- No. 1 Star: Claude Giroux, Philadelphia Flyers Scored two goals and added two assists in 7-4 win over the Toronto Maple Leafs. They were Giroux’s first goals in five games. It was his seventh four-point game in his career. Giroux now ranks second in the NHL in scoring – tied with Stars forward Tyler Seguin – behind teammate Jakub Voracek. No. 2 Star: Jakub Voracek, Philadelphia Flyers Notched four assists in Philly’s win over Toronto. Three of Voracek’s helpers were primary assists. Voracek was the set-up man on two of Giroux’s goal. His four assists tied a career-high. Philadelphia’s win was the first game of an eight-game roadtrip. No. 3. Star: Sergei Bobrovsky, Columbus Blue Jackets Stopped 41 of 43 Chicago shots on goal including six of six on power play shots on goal. Stopped eight of nine Blackhawks in the shootout, including the below move by Chicago shootout ace Patrick Kane. Bobrovsky has not lost in regulation since Nov. 28. Honorable Mention: Colorado’s Jarome Iginla notched three assists in the Avs’ 5-1 win over Buffalo. Teammate Alex Tanguay scored two goals and added one assist … Kings forward Anze Kopitar notched three assists in Los Angeles’ win over Arizona … Coyotes forward Martin Hanzal scored his first goal since Nov. 14 … Kings defenseman Jamie McBain notched two assists … Flyers forward Michael Raffl scored on goal and added one assist … Habs forward Alex Galchenyuk scored one goal and added one assist in Montreal’s 4-1 win over Ottawa … Canadiens forward Max Pacioretty returned with two assists, just two days after a bruising hit by Clayton Stoner … Washington’s Alexander Ovechkin scored an absurd goal in win over New Jersey … Caps goaltender Braden Holtby made 21 saves in his second shutout of the year … Tampa’s Andrei Vasilevsky made 45 saves on 47 Islanders shots on goal in a 3-1 loss to New York … Pittsburgh’s Sidney Crosby scored his first mump-free goal, and his first score in eight games, in a 3-1 win over the Florida Panthers … The Rangers’ Kevin Klein late third period tally sent New York’s game into overtime against Carolina, an eventual 3-2 shootout win by the Rangers … Chicago’s Patrick Sharp scored a goal and fired seven shots on goal against Columbus … Predators defenseman Shea Weber notched two assists and played 26:43 in Nashville’s 6-5 OT win over Minnesota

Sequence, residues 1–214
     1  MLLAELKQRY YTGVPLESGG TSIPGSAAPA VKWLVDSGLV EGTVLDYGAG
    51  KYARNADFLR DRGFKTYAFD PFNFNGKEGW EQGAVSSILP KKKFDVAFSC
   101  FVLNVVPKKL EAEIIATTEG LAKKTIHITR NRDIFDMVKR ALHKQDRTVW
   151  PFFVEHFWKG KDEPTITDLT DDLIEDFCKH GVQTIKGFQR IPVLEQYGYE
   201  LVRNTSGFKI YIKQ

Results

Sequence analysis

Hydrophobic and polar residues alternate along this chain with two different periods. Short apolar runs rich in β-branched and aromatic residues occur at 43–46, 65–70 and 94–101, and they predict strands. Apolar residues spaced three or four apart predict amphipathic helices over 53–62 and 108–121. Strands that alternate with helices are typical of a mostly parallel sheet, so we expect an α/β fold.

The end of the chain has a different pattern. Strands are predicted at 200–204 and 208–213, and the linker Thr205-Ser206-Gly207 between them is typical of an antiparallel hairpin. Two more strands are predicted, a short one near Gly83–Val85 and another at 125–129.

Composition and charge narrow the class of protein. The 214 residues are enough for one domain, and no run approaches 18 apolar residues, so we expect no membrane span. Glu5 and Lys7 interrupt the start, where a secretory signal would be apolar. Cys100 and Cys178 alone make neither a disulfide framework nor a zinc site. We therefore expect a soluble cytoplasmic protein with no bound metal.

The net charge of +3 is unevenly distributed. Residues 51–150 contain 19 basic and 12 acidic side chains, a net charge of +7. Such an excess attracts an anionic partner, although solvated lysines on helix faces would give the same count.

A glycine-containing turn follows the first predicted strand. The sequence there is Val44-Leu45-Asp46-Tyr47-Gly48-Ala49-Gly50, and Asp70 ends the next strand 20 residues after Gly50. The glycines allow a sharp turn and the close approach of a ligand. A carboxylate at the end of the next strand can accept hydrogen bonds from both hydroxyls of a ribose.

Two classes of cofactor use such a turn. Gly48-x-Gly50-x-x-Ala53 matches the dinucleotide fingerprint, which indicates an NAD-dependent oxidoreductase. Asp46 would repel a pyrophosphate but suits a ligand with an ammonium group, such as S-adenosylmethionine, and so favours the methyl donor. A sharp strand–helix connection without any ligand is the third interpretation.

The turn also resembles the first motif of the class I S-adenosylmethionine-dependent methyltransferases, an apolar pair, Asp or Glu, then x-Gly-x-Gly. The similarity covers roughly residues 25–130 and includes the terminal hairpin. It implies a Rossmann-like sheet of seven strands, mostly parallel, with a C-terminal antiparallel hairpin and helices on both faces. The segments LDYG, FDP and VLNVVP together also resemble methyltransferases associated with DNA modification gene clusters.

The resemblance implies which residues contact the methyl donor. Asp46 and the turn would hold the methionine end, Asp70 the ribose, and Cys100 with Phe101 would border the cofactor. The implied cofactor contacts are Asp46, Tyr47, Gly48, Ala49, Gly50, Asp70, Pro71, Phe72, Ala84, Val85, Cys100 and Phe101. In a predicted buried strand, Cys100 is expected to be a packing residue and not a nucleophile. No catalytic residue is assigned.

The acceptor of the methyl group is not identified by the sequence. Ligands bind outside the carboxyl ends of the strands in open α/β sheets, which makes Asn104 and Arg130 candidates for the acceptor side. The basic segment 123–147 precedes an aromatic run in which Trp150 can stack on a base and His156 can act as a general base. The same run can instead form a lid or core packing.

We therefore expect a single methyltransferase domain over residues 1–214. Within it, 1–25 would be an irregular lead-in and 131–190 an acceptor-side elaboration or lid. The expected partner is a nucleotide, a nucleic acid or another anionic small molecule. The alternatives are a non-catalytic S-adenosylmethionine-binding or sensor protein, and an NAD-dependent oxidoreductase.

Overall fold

’s Zach Parise scored two goals and notched one assist in defeat … Wild defenseman Ryan Suter played 31:27 and had two assists against his former team … Vancouver’s Ryan Miller broke a three-game losing skid in a 3-2 overtime win over Calgary … San Jose’s Brent Burns fired the overtime winner for the Sharks in their win over the Blues. It was San Jose’s fifth straight win. Did You Know?: With one assist Saturday night (on San Jose’s game-tying goal) Sharks center Joe Thornton moved into a tie with Phil Esposito for 22nd overall on the NHL’s all-time list with 873. Dishonorable Mention: Buffalo’s Nikita Zadorov was a minus-3 in his team’s loss to the Avalanche … Arizona’s Devan Dubnyk picked up his third loss of the year, stopping 31 of 35 Los Angeles shots on goal in a 4-1 defeat … Nazim Kadri and Dion Phaneuf were each a minus-4 for the Maple Leafs … New Jersey’s Andy Greene was a minus-3. Devils goaltender Cory Schneider made 17 saves on 20 Washington shots on goal … The St. Louis Blues gave up the game-tying goal at San Jose with 18 seconds left. Then the Sharks won the game in overtime … Montreal’s Carey Price couldn’t field this floater from Ottawa's Erik Condra. MORE FROM YAHOO HOCKEY